Learning how to be responsible for children

Teenage babysitters take a two-part course


What was your first job? It may have been a paper route, manning the cash register at McDonald’s or like many adolescents looking to make a little money, babysitting may have been your first taste of work.

To help the teenage sitters understand the responsibility of caring for other people’s children, the Peninsula Public Library held the first part of a babysitting workshop on Nov. 29.

There were 26 middle and high school students in attendance for the presentation, which was opened by Janet Schneider, PPL’s programming librarian.

Schneider covered some basics safety tips, such getting the phone numbers of family emergency contacts, know the alarm code and have a rate prepared when the parents or guardians ask your fee. She seemed pleasantly surprised that around half of the kids who signed up were boys. “We had some requests,” she said. “I guess there’s a real interest in it.”

Fourth Precinct police officer John Zanni fielded many questions from the hopeful babysitters. Keeping everyone safe during a fire, what to do if a stranger comes to the door and keeping things in order with rebellious kids were a few points he noted, however, he kept reiterating not to be afraid to ask for help. “If you’re scared, call 911,” he said. “No one is going to get in trouble, always feel comfortable calling if you’re scared.”

Tehilla Wolf, 15, began babysitting when she was 12 to earn her spending money. She saw this as an opportunity to learn a little bit more about the job, “I mostly take care of sleeping kids, but I’d want to take care of awake kids,” she said.

Wolf added that one of her favorite parts of the job is how cute the kids are. To have some fun at the end of that Wednesday night session, Schneider asked if they could come to a consensus as to when the children they will be babysitting are the cutest. Some thought it was at two- or three-year-olds, while others voted for first- and second-graders.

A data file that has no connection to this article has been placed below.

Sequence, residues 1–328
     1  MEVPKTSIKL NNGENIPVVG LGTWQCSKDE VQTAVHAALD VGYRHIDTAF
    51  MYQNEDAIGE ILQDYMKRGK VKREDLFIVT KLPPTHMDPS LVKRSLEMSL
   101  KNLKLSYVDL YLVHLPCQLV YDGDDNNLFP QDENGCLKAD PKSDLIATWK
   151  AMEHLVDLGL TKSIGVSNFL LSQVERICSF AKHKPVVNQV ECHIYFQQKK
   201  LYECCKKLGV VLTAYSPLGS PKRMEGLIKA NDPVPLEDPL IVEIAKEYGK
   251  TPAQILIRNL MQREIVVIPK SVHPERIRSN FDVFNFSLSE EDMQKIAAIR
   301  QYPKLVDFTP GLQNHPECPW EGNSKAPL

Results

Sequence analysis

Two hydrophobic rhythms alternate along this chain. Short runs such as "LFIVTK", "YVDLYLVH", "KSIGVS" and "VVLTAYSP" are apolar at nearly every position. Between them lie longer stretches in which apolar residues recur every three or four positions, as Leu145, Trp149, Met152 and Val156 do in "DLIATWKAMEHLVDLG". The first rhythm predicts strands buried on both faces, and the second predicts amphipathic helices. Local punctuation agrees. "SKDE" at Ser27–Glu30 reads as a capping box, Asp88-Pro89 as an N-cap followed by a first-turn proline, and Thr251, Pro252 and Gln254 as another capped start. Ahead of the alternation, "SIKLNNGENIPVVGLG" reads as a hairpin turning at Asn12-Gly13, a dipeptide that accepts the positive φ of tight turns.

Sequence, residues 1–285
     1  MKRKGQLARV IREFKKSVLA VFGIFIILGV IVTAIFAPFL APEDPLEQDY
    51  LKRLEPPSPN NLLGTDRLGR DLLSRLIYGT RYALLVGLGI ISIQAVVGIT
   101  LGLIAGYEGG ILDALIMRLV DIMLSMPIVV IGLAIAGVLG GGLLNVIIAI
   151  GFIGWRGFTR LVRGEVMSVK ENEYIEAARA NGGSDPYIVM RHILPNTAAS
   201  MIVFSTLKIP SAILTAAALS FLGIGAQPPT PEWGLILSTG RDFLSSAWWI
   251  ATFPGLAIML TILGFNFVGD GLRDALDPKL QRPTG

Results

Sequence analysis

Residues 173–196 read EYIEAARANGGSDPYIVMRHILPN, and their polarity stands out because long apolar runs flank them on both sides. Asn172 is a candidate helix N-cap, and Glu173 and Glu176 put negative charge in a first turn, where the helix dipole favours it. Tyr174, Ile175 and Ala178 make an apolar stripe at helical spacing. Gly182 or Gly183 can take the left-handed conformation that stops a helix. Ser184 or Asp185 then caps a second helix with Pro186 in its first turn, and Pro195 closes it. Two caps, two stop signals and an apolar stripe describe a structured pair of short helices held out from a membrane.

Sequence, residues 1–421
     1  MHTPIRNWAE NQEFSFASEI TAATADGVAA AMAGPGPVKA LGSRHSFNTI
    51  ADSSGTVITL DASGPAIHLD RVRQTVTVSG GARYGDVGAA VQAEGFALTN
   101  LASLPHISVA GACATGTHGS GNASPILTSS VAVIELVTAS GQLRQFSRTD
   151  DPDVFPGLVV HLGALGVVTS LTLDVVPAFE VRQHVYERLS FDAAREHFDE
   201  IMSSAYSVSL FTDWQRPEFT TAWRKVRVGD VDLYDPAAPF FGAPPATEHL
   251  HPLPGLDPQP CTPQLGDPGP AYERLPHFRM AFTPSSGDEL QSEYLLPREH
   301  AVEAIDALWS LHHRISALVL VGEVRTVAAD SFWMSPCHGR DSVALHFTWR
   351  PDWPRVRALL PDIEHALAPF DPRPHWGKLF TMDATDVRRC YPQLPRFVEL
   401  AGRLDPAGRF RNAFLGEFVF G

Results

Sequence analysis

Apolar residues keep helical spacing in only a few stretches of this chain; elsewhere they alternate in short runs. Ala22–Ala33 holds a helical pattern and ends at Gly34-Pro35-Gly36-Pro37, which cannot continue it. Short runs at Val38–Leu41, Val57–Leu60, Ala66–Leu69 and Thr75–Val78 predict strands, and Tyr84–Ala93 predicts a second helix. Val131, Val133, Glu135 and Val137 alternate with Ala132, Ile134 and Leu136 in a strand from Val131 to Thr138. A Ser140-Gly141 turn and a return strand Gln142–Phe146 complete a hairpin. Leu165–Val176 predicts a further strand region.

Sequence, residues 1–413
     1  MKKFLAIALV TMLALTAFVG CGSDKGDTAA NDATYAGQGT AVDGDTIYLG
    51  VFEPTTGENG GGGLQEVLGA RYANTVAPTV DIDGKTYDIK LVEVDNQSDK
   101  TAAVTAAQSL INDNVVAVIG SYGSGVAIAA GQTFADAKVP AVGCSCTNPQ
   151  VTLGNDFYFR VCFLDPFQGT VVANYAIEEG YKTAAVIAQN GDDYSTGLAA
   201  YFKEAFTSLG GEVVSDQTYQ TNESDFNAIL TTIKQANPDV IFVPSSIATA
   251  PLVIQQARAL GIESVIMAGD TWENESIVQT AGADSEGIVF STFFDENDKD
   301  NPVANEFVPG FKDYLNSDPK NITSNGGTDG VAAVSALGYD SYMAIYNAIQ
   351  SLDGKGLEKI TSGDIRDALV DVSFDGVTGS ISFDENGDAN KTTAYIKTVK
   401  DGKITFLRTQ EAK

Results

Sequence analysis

Zanni and Schneider both stressed being honest with employers about how much experience they have, a couple of boys raised their hands when they were asked if anyone had ever babysat before.

“If you don’t ask for it, then you don’t get it,” Zanni said, in regards to payment. He and Schneider agreed that they could start out low and charge more as they gain experience, and that they should feel comfortable charging more based on the number of kids they’re watching.

The second part of the series was held on Dec. 6 with a nurse and covered childcare, including diaper changes. Anyone who attended both events received a certificate of completion from the library, “It’s just something they can show any prospective employers,” said Schneider. “So the kids can say they’ve completed this course of basic babysitting skills.”